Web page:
Turkey orders arrest of cleric Gülen over killing of Russian envoy

Fethullah Gülen and seven others were arrested over the assassination of Andrei Karlov, who was then the Russian ambassador to Turkey.

Fethullah Gülen is wanted for his role in the assassination of Andrei Karlov. (Reuters pic)

ANKARA: Turkey has ordered the arrest of the Muslim cleric Fethullah Gülen and seven others over the 2016 assassination of the Russian ambassador to Turkey, the Habertürk newspaper said on Monday, a day before Russian President Vladimir Putin visits the country.

Andrei Karlov was shot dead by an off-duty policeman while speaking at an Ankara exhibit opening in December 2016. The gunman shouted “Allahu Akbar” and “Don’t forget Aleppo!” as he opened fire, apparently referring to Russia’s involvement in neighboring Syria. He was shot dead by police at the scene.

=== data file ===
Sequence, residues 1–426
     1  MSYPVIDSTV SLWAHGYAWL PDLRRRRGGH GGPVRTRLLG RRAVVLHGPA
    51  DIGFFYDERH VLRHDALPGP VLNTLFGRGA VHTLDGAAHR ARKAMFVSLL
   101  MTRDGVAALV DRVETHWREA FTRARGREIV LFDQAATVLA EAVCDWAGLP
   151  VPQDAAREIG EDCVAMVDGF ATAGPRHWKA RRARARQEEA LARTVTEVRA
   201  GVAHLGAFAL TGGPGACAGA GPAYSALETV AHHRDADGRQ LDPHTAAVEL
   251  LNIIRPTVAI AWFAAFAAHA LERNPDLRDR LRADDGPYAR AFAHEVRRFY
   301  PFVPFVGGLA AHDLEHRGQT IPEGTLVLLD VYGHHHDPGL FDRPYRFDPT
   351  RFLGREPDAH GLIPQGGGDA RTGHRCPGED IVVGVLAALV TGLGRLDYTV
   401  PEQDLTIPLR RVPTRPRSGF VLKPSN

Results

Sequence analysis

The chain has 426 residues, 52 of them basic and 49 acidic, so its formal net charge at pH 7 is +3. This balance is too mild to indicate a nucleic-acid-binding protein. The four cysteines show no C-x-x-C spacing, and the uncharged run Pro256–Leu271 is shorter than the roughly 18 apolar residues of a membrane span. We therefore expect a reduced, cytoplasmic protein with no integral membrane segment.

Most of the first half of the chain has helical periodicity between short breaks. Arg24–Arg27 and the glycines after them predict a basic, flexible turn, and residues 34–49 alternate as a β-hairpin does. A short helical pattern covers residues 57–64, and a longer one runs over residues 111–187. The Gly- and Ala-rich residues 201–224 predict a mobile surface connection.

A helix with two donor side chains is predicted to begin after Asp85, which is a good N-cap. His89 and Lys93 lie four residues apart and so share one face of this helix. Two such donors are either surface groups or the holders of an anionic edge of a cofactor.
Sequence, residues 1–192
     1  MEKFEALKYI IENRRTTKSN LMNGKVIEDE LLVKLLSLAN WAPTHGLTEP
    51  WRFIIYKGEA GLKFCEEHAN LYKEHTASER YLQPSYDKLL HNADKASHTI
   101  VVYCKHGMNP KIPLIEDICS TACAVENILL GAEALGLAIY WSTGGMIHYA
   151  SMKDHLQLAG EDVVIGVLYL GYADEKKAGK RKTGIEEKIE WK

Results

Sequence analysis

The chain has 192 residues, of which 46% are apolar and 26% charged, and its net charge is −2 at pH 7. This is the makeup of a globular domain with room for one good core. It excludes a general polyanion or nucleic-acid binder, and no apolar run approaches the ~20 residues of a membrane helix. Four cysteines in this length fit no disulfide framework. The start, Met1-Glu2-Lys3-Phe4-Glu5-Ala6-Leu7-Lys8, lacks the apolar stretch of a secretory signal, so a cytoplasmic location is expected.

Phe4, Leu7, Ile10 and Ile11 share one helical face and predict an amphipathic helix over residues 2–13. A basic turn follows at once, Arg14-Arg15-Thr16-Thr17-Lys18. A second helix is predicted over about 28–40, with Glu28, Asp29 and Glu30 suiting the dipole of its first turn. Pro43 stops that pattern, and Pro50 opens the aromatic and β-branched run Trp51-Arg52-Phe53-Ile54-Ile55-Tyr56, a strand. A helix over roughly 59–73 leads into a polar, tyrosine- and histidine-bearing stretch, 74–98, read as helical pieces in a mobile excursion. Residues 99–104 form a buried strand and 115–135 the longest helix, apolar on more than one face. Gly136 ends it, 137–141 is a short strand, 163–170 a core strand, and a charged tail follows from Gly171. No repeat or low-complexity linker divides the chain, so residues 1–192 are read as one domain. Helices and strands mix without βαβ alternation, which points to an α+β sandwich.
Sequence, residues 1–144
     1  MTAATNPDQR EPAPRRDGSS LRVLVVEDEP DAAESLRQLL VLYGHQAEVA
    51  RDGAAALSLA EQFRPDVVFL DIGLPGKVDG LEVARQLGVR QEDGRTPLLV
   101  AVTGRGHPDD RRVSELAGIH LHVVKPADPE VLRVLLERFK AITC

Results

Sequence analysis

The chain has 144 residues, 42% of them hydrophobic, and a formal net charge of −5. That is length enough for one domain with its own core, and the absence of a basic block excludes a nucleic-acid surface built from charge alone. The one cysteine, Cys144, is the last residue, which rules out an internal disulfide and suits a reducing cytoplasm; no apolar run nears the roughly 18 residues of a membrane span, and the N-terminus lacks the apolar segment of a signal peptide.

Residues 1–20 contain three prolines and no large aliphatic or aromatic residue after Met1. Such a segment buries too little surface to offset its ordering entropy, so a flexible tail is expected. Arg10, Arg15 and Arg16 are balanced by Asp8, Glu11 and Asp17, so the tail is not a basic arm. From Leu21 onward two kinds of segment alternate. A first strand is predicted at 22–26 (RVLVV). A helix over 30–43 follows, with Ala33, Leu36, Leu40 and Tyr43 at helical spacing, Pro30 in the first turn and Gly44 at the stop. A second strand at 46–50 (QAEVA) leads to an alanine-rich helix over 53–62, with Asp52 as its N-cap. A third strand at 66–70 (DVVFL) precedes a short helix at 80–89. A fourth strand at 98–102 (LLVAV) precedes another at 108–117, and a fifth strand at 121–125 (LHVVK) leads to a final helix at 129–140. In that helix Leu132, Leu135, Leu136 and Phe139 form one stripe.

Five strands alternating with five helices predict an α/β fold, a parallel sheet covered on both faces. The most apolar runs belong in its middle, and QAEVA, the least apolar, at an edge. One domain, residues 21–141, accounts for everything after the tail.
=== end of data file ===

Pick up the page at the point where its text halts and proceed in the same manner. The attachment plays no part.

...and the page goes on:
Putin arrives on a two-day visit on Tuesday and will meet President Recep Tayyip Erdoğan and Iranian President Hassan Rouhani. Their three countries are the guarantors of the Astana peace talks that have set up “de-escalation” zones across war-torn Syria.

Erdoğan said Gülen’s movement was behind the assassination, a charge the cleric has denied. Erdoğan also blames the preacher’s network for an attempted military coup in July 2016.

Gülen, who has lived in self-imposed exile in the United States since 1999, has denied the charge and condemned the coup.

Habertürk said the authorities ordered the arrests of the eight as the killing was carried out on their orders.

Authorities have so far arrested seven others, including three policemen, in relation to the killing, the Hürriyet newspaper reported.

No one was immediately available for comment at the Ankara prosecutor’s office.

The gunman came from Söke in southwestern Turkey, considered one of the country’s most secular regions. His father said his son’s behavior started changing after he joined the police academy, where he became more pious, according to media reports at the time.

While the slogans he shouted suggest he was sympathetic to radical Islamist ideology, Gülen’s network preaches inter-religious dialogue. The Turkish government says such teachings are designed to mask the true nature of what they call a dangerous, secretive organization.

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